Switching Subjects to Social Studies

Discussion in 'Secondary Education' started by kbee1219, Aug 19, 2010.

  1. kbee1219

    kbee1219 Rookie

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    Aug 19, 2010

    Hi everyone~

    So I am starting my fifth year teaching this September and I feel almost like a first year teacher all over again. Even though I graduated with a certification in Social Studies through a series of interesting events I wound up teaching Math. Finally, I was able to move into an 8th grade US History Social Studies position for this upcoming year.

    My problem now is I need to flip the way I think about teaching since the content is pretty different. I was wondering if you could help me out.

    Are there any teaching strategies that work well specifically for Social Studies?

    What kinds of things are must haves for a Social Studies classroom?

    Is there anything else specifically I should think of/do/ prepare to be for Social Studies?

    Thanks in advance for all your help,

    K
     
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  3. SingBlueSilver

    SingBlueSilver Companion

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    Aug 20, 2010

    I'm an SS teacher that doesn't emphasize dates or memorization. I want my students to know that history isn't about WHEN something happened, but its an investigation as to WHY and HOW something happened.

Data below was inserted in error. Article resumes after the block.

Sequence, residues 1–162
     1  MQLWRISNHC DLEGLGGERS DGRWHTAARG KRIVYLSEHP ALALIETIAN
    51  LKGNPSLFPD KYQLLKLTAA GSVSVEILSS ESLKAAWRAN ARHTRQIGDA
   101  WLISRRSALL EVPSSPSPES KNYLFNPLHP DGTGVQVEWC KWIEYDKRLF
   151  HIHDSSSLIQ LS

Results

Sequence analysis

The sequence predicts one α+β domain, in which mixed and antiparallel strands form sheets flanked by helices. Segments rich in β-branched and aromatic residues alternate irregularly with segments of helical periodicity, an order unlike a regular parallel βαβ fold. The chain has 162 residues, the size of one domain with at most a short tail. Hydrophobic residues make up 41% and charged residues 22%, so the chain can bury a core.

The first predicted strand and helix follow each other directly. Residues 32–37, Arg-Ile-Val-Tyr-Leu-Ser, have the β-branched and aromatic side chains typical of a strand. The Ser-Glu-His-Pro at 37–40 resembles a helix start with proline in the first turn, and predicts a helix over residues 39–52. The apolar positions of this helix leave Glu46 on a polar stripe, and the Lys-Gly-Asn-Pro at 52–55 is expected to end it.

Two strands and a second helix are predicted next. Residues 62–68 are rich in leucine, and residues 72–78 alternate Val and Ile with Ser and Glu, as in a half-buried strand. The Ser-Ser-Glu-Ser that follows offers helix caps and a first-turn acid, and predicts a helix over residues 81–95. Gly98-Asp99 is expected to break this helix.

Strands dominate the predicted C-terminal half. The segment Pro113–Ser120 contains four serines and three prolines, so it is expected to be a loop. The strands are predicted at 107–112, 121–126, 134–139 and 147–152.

See if there is a Teaching American History grant around your area. They are GREAT for giving lesson examples and professional developments. They emphasize the use of Primary Source documents in the classroom which help develop analytical skills.
    SS is such a fun subject and I love it. :) I've taught 8th/US and miss it, but also love teaching 7th/World.
    Make it fun and interesting for you to teach, and the students will more than likely find it interesting too.
    Have fun! Be creative! You're in PA - Take a field trip! :)
     
  4. Brendan

    Brendan Fanatic

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    Aug 20, 2010

    I've been teaching Social Studies for twenty years. I've taught math for five also:

    1. Social Studies is a lot easier to make fun and engaging that Math. In SS, you need not to rely on the textbook. Instead focus on primary sources, other readings, projects, simulations, and activities.
    2. Writing needs to be emphasized. I would do an essay per unit with smaller essays woven in throughout the unit.
    3. CONTENT KNOWLEDGE. Go out tomorrow and buy a college level U.S. History text. Whenever, you cover something in class you need to know way more than the kids do. Use this book to keep ahead of them.
    4. Keep notes at a minimum. I do lecture almost everyday (3-4 days a week, but I keep it at a 30 minute maximum, after that kids are lot). Use PowerPoint to lecture. Include relevant media (videos, pictures, etc.) and try and make it interactive by including discussion questions, games, surveys, etc.
    5. If you are going to show a video, only show the good interesting parts. Always assign an assignment to be complete with the video at this level. I prefer video questions.
    6. History can be a lot to master at times. Give quizzes frequently over the material you cover in class and as homework. I give quizzes weekly.